Opening these black boxes has been difficult. To do so would require estimates of activity in many—ideally, all—neurons carrying perceptually relevant signals. Because sensory representations tend to be distributed over large numbers of neurons, such estimates have generally remained elusive (see Kreher et al.  for a notable exception). Here, we take advantage of the well-characterized olfactory system
of fruit flies to relate knowledge of the population representations of odors to behavioral measures of odor discrimination. Flies detect odorous molecules with arrays of ∼50 types of olfactory receptor neuron (ORN) (Couto et al., 2005 and Fishilevich and Vosshall, 2005) whose response spectra are determined by the expression of a single functional odorant receptor (Clyne et al., 1999, Vosshall et al., Topoisomerase inhibitor 1999, Dobritsa et al., 2003 and Hallem et al., 2004). The mean spike rates evoked by 110 odorants in 24 of the ∼50 ORN types of adult flies have been measured (Hallem and Carlson, 2006 and Hallem et al., 2004), providing LDN-193189 concentration a quantitative description of activity in approximately half of the neuronal population at the input stage of the olfactory system. ORN axons segregate by receptor type (Gao et al., 2000 and Vosshall et al., 2000) and transmit signals via separate
synaptic relays, the glomeruli of the antennal lobe, to discrete classes of excitatory projection neurons (ePNs) (Jefferis et al., 2001 and Stocker Mephenoxalone et al., 1990). ePN responses are saturating functions of input from cognate ORNs that scale inversely with total ORN activity (Olsen et al., 2010). Thus, a two-parameter transformation incorporating direct and total ORN activity allows estimation of mean ePN spike rates from measured ORN spike rates. ePNs project to two brain areas: the mushroom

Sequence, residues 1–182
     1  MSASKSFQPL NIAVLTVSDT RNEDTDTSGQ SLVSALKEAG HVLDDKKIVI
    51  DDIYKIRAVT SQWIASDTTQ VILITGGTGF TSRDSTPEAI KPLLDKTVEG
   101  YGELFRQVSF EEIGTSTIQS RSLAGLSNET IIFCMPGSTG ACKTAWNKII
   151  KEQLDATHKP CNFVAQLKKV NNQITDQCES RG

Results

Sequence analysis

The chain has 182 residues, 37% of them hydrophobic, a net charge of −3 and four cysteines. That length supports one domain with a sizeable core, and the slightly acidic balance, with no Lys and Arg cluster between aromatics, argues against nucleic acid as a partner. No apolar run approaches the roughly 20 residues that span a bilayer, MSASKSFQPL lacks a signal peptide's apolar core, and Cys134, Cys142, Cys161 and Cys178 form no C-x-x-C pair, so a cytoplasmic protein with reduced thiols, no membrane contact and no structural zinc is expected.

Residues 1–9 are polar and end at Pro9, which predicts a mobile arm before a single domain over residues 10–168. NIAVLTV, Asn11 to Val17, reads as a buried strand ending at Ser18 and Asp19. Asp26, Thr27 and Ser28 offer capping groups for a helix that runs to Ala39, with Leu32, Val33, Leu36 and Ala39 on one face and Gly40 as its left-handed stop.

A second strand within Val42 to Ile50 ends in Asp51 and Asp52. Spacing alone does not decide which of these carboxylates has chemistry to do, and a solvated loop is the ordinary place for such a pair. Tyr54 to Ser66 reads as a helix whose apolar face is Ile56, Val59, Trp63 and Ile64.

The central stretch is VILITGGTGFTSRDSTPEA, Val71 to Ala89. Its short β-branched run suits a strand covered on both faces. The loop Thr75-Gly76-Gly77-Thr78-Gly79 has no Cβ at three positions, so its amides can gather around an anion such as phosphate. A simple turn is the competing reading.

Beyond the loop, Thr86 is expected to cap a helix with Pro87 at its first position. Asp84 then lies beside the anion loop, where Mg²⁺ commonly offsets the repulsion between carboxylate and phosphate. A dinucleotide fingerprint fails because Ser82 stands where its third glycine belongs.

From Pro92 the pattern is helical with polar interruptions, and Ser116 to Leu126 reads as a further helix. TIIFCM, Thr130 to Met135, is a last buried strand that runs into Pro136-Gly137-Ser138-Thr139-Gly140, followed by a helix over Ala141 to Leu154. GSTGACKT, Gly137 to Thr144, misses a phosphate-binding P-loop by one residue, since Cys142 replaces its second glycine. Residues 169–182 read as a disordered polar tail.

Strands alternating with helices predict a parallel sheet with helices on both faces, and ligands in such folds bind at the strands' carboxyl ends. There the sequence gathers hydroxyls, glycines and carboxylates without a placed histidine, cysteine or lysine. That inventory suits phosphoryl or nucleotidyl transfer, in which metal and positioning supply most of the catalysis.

body (MB) and the lateral horn (LH) of the protocerebrum. Innate odor-driven behaviors are thought to rely on circuits of the LH only (Heimbeck et al., 2001), whereas learned behaviors require the MBs (Heisenberg et al., 1985), whose plastic output synapses are the postulated storage sites of learned associations (Heisenberg, 2003). The MBs only receive feedforward excitation from cholinergic ePNs, whereas the LH receives parallel excitatory and inhibitory inputs via ePNs and a functionally uncharacterized group of mostly multiglomerular GABAergic inhibitory PNs (iPNs) (Jefferis et al., 2001, Lai et al., 2008, Okada et al., 2009 and Tanaka et al., 2012). Inhibition has been invoked in many sensory systems as a mechanism for enhancing contrast (Barlow, 1953, Hartline et al., 1956 and Kuffler, 1953), exerting gain control (Barlow, 1961, Olsen et al., 2010, Olsen and Wilson, 2008 and Root et al., 2008), or binding neurons representing different stimulus features in synchrony (Gray et al., 1989, Laurent and Davidowitz, 1994 and Stopfer et al., 1997). It is currently unknown whether iPNs play any of these roles.